The last bit of the scramble into the tunnel was the worst.  There is a very steep distance of about ten feet that has absolutely no hand holds and very loose gravelly rock.  I'm still not sure how I made it across... maybe lifted by angels?  Somehow I got my body to move magically from here to there, and the wonders just kept on coming!

The tunnel was dark, but you could see the light at the end.  A steady trickle of seeping water emptied out at the mouth, so we walked on a bit of an incline.  It wasn't really slippery, but it could be!  Bruce decided to hang back for a little break while the rest of our group entered the tunnel.  I was OK with that, as I'm sure he needed some rest.  He is 76 years old, and has been hanging with this group far better than I could have anticipated!  Go BRUCE!  Besides, if we never return, he can be the one to tell my children what happened to me!

Go toward the light...
At some point in the distance from mouth to end, I remembered that Leo had told us that this tunnel was below the lake.  It does not run beneath the lake, but just beyond the spillway that, if it were to rain a LOT, could fill this tunnel with water!  And it DOES actually run beneath so many tons of mountain! The dripping water seeping in from the mountain, through breaks in the cement, WAS  cause for momentary concern.  But other than again, thinking how mad my daughters would be if I got myself crushed beneath a cave-in, or drowned and beaten by a rush of flash flood... I was able to push these dire thoughts from the forefront of my mind, and enjoy the magic of this once-in-a-lifetime adventure!  I think by this time, poor Leo was worrying that he had brought us to certain peril and feeling the weight of responsibility... But Leo, we came here willingly and joyously and again, thank you for the rare opportunity of it!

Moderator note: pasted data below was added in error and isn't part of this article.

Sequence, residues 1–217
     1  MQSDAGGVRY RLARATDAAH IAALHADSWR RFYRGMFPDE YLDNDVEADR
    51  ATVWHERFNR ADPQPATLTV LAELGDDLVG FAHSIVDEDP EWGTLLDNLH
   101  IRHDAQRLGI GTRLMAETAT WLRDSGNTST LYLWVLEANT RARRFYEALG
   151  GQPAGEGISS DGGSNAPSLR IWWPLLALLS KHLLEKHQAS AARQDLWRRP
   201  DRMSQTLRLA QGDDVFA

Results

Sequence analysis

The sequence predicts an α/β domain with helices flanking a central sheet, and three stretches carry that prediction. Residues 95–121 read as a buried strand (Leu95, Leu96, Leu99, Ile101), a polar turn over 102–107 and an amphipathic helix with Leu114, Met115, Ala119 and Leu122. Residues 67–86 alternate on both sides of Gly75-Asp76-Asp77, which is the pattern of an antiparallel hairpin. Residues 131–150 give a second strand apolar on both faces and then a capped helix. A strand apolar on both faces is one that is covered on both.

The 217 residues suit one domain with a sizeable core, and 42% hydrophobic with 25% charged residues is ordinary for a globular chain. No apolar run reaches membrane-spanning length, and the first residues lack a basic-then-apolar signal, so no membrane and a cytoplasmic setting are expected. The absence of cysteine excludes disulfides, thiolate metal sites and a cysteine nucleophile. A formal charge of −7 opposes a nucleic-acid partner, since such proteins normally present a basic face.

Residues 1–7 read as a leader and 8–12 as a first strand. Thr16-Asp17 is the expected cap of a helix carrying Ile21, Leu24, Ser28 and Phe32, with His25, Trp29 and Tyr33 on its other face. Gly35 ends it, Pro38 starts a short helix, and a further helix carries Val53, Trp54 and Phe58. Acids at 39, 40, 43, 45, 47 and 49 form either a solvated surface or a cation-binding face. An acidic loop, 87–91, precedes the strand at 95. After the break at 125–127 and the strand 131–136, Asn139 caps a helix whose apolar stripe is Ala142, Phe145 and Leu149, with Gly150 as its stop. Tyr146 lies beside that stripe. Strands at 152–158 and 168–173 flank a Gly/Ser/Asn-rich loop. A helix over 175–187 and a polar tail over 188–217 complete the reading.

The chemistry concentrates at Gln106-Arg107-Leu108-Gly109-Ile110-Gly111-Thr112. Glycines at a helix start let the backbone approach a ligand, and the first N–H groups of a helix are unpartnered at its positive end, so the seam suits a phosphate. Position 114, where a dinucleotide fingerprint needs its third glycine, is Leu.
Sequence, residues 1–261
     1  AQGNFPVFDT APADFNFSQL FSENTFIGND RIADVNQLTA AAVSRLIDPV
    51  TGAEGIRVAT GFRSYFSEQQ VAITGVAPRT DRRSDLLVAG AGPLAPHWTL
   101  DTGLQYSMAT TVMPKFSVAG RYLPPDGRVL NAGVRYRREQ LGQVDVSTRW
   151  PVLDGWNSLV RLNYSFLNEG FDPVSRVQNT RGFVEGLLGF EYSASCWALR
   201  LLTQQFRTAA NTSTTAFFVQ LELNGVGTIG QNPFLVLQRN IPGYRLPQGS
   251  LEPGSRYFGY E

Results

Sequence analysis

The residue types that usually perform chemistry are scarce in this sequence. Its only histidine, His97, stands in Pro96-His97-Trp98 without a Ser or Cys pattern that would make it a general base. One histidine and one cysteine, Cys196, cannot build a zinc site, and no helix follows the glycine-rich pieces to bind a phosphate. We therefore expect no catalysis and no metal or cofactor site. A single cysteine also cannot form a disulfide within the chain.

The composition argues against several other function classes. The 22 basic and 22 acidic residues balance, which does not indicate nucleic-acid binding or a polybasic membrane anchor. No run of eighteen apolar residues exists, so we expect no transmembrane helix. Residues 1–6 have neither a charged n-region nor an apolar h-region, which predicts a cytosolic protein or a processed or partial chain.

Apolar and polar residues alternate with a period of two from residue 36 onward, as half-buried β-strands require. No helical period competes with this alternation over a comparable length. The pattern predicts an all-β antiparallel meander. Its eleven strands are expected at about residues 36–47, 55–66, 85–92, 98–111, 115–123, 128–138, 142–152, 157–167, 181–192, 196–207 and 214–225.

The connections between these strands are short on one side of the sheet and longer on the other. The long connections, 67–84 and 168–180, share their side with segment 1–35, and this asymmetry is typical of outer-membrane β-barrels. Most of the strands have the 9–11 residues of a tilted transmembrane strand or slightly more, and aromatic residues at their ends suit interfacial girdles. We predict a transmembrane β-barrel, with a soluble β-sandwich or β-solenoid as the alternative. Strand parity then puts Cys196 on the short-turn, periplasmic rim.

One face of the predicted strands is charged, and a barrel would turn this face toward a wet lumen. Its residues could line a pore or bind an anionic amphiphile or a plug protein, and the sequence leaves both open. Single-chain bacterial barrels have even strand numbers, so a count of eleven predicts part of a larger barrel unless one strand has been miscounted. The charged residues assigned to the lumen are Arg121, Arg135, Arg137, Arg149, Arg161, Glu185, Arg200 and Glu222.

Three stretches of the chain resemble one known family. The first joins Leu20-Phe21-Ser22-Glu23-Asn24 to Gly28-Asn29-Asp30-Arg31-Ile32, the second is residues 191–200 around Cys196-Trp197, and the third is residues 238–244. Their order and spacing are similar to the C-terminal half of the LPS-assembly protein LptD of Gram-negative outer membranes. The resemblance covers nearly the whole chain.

See that FACE???
Almost there!
Me!  Other-worldly!
When we reached the end of the spillway, it was impossible to climb up into the down-pipe to be able to see the top.  Leo told us that there was a grate up there to keep big things from getting down here, and that he had hoped to be able to take us up there as an end to our day.  But by the time we returned to the tunnel's mouth, rain was threatening.

Back to the relative safety of the tunnel mouth.